In this age of the internet, email overload has become routine. On average, receiving ten-twenty emails is no big deal, and on top, many have multiple email accounts. When you have multiple email accounts, the need for an email client becomes imminent. This post has sorted some of the best free email clients for Windows 11/10/8/7 PC.
Free Email Clients for Windows 11/10
An email client is software like Microsoft Outlook, which you can install on Windows and add multiple accounts. Some of these clients offer productive features to help you deal with emails in a better way.
- Mail app
- Vivaldi Mail
- eM Client
- Mail Spring
- Spark Mail
Some of these email clients also come with Pro versions. I will mention the limit of the free version where required. Also, I will focus on important features as they offer all the basic features any email client should offer. Some of the email clients also offer collaboration features that work best when everyone uses the same client.
1] Windows Mail App
Windows Mail app is the default email client on Windows. It offers many features that should be enough for any Windows user wanting to connect multiple email accounts. It provides features like Focused Inbox, Caret browsing, @Mentions, sends emails as attachments, Linked Inboxes, Swipe gestures, Signature, and more.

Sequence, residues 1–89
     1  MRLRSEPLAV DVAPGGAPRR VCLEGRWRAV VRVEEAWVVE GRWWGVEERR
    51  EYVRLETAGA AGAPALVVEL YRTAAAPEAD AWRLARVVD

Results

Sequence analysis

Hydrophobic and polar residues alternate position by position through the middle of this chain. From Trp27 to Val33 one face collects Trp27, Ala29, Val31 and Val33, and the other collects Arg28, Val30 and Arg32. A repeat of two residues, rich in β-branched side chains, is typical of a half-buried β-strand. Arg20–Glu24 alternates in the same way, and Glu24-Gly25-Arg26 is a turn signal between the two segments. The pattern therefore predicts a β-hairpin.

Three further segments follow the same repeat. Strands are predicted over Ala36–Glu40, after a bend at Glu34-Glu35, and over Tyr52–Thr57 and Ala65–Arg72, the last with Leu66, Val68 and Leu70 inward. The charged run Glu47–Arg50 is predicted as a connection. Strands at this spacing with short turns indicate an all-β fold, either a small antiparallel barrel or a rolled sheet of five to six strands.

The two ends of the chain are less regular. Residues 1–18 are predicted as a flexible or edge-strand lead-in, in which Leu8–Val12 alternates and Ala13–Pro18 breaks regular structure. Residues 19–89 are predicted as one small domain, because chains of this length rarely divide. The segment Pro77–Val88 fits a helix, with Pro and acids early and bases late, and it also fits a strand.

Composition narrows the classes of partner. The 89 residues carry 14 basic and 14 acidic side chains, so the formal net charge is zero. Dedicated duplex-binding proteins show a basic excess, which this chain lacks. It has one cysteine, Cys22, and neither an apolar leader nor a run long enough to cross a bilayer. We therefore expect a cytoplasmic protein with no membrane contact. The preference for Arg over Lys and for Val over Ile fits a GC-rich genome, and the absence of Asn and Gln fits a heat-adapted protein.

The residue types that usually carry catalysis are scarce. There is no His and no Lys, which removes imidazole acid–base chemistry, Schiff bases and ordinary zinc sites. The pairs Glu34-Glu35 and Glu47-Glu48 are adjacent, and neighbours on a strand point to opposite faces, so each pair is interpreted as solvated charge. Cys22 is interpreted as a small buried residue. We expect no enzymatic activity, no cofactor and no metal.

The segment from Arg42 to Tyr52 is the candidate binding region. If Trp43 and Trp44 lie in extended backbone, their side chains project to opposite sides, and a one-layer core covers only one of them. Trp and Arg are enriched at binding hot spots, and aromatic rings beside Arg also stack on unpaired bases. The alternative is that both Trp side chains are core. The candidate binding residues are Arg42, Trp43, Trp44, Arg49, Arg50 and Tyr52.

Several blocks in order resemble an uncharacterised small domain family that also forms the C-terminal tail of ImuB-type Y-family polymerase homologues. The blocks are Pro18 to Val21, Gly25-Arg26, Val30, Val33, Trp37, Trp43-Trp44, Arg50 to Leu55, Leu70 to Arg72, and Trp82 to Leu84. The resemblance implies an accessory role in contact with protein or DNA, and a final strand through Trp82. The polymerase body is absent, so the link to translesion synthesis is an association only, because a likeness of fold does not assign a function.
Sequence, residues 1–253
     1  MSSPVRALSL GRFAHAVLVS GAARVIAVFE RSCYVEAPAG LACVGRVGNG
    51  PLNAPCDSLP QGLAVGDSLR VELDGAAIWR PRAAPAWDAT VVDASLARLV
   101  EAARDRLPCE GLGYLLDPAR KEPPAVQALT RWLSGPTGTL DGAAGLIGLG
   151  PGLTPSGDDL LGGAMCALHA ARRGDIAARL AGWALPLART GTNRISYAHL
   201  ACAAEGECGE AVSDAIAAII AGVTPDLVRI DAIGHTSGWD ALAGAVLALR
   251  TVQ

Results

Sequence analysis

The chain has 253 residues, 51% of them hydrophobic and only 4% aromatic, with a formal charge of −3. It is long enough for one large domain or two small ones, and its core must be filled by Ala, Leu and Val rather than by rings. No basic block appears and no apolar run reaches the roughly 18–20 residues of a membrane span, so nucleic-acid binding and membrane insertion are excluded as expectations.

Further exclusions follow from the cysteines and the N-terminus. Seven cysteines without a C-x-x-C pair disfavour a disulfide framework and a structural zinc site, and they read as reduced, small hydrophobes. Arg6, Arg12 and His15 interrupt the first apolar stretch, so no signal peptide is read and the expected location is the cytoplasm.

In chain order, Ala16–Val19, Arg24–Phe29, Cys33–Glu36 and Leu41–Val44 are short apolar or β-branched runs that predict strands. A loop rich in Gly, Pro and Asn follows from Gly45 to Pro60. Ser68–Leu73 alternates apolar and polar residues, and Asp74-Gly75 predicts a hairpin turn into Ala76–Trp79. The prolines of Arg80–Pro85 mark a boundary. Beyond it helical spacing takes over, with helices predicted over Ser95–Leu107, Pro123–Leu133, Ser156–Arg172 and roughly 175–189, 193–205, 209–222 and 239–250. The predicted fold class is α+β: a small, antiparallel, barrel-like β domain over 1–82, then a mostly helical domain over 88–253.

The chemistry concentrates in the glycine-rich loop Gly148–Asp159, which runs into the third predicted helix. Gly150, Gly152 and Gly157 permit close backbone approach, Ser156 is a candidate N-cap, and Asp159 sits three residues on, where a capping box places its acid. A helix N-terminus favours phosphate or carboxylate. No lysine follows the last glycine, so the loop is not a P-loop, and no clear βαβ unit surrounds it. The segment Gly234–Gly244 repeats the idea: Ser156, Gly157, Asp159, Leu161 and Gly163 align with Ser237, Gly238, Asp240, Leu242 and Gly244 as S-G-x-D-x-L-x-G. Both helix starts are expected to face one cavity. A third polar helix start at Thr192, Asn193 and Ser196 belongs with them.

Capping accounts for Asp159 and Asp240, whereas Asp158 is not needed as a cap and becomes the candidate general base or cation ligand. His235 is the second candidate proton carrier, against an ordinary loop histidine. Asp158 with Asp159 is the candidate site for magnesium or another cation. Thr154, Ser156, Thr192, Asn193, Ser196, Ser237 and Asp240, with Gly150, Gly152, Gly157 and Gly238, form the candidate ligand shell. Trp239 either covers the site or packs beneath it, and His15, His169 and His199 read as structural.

You can also download Windows Mail from the Microsoft Store.
2] Vivaldi Mail
Vivaldi Mail is a new and powerful email client, Vivaldi Calendar, and Vivaldi Feed Reader built right into the Vivaldi browser. This means that you can now handle your emails, calendar and feeds right from your Vivaldi browser.
3] eM Client
Released in 2007, eM Client is a popular email client for Windows which offers email, calendar, and contacts management in its free version. The free version is restricted to a single device license with two non-commercial email accounts. So if that works for you, definitely give it a try.
The primary goal of eMClient is to offer contextual information from your emails. Not only do you get to see about the sender, but also it takes a look into communication history, attachment history, and agenda, which can save a lot of time for anyone. Download it from here.
Starting with MailSpring, we are looking at free but modern email clients who have gone beyond Outlook and similar email clients. They offer the same set of features, but the inclusion of the read receipts, link tracking, automatic translation, and spell-check makes it stand out.
Here is the list of the rest of the Features:
- Multiple accounts (IMAP & Office 365)
- Touch and gesture support
- Advanced shortcuts
- Lightning-fast search
- Unified Inbox
- Mac, Windows, and Linux support
- Themes and layouts
Download from its homepage
5] Spark Mail
SparkMail App is a free email client for Teams. The free version offers a total of 5Gb for the whole team. Here is the list of eye-catching features:
- Private Team comments
- Shared Drafts
- Reply Templates
- Send Later
- Reminder for follow up
- Email delegation
- Send email as a link
In the free version, you can have two active collaborators and ten email delegations per team. However, there is no role-based feature here.
Download from its homepage.